I'm a fan of near-CDP, which is basically snapshots and data replication. If you are using a filer vendor and that filer vendor has integrated into it snapshots and replication, then that is the way you should go for backing it up because they are all delta level. You never again do a full backup. This is because the replicated copy looks like a full backup, but the actual backup only transfers delta level bytes. What you have is not only the data as to what it looks like today, but also what it looked like yesterday, the day before and the week before -- all in the same thing. Plus, the replicated copy is not in backup format, meaning it doesn't need to be restored to be useful. You can actually point your application while your primary filer is being restored to the secondary filer, and use your secondary filer as your primary filer while your primary filer is being restored. Once your primary filer is restored, you can either restore back to the primary filer or in some cases do what I call a delta-restore. For example, if just your power supply was down, and your filer is just a few hours out of sync from what's really going on, you can do a reverse delta replication, which copies the bytes back over that have changed in the past few hours.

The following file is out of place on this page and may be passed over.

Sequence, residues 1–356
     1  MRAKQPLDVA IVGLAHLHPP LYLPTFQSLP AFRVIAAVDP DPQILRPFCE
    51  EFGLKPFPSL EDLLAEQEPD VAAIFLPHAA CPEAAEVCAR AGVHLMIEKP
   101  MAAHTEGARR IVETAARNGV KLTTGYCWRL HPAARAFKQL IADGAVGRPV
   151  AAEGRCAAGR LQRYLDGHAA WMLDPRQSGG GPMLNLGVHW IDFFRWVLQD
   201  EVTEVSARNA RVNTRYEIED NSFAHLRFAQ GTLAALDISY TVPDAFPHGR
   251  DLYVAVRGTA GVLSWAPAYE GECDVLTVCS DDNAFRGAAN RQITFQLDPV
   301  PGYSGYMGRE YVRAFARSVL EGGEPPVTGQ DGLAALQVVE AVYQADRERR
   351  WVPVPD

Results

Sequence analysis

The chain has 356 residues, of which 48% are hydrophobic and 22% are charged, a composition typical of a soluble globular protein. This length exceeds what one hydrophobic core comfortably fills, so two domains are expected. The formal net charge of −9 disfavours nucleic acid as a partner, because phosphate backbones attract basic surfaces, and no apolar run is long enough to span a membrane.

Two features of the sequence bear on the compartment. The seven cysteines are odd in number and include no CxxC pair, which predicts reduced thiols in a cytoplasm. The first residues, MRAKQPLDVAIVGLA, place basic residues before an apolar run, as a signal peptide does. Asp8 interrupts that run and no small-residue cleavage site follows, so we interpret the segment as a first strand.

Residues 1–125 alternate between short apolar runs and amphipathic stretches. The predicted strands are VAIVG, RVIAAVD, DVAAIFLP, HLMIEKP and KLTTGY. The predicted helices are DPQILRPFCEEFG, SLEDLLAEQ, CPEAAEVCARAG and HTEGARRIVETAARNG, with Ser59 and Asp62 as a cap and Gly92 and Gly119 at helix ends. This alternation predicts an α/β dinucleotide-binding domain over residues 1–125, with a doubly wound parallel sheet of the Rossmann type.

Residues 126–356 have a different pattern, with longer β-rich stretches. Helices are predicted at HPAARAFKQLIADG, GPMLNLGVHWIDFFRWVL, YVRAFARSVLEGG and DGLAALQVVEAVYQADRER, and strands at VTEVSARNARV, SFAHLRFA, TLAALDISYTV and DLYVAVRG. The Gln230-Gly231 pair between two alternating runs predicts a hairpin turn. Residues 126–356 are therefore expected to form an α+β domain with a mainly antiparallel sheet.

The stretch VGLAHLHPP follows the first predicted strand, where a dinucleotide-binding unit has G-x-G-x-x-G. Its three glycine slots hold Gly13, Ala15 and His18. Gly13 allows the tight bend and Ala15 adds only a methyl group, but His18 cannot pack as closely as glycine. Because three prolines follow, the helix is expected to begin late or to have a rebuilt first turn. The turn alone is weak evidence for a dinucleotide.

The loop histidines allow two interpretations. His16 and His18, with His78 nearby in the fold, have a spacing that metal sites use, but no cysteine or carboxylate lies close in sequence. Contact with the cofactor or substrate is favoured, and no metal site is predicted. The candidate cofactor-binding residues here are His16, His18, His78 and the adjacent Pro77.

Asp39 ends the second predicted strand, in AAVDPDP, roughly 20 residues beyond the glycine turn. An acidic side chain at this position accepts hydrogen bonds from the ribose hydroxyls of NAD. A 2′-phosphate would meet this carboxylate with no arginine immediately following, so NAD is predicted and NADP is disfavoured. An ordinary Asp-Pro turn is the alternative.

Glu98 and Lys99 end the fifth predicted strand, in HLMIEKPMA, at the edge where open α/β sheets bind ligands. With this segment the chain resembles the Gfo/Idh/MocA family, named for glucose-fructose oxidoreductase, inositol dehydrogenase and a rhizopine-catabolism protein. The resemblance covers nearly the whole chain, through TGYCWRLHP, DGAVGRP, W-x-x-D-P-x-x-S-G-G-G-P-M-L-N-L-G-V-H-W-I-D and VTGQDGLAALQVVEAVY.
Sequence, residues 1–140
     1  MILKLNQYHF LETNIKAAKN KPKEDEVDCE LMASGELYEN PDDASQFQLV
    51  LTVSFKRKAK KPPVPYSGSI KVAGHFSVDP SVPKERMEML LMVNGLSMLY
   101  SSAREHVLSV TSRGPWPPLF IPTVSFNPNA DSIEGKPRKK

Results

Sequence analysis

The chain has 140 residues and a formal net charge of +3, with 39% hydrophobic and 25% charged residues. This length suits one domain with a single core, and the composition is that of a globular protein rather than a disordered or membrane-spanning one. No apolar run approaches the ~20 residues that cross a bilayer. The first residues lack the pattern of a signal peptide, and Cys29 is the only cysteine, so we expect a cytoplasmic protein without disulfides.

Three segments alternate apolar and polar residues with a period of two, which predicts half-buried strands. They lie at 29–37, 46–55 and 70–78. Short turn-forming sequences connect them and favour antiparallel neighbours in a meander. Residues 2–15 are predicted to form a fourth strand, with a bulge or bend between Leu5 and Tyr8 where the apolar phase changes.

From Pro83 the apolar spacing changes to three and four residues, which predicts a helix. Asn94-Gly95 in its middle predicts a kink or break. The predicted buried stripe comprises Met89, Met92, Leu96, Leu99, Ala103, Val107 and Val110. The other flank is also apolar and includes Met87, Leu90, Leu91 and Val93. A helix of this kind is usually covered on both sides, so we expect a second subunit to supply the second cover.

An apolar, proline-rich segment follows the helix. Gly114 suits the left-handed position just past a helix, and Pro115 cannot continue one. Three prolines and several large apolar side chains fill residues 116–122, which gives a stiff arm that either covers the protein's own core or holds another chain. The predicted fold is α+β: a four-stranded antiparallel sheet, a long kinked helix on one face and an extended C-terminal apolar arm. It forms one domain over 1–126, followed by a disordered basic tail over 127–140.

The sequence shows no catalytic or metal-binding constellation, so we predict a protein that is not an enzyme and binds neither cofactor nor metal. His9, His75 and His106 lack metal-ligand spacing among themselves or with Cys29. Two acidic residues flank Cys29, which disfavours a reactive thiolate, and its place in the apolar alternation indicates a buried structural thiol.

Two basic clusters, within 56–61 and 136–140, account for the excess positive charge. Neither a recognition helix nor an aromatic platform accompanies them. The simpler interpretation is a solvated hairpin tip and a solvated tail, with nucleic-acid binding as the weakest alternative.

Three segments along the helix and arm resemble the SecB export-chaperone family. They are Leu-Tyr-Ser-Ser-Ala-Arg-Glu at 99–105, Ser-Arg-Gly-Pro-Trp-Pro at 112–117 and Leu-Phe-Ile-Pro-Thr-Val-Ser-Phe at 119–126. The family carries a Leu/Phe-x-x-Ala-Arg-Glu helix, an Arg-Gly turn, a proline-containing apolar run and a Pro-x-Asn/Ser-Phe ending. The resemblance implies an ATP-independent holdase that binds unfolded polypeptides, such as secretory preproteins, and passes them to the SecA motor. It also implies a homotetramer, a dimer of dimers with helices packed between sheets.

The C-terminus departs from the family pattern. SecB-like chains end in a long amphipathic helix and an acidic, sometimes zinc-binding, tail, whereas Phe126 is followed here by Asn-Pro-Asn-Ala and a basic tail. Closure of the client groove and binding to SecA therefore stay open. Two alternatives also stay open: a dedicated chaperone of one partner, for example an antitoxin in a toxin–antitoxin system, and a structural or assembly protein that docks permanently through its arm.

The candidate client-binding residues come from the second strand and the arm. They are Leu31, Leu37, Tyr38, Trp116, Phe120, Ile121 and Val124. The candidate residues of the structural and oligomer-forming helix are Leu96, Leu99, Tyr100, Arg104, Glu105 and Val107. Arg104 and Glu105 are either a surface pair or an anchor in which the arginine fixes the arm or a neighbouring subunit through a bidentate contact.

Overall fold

So if you have a NAS product, I would highly recommend that you examine that functionality as the best way to do backups. And if your product doesn't have that functionality, then perhaps you should consider another NAS product, because in my opinion near-CDP is the best way to back up those systems.
This was first published in August 2010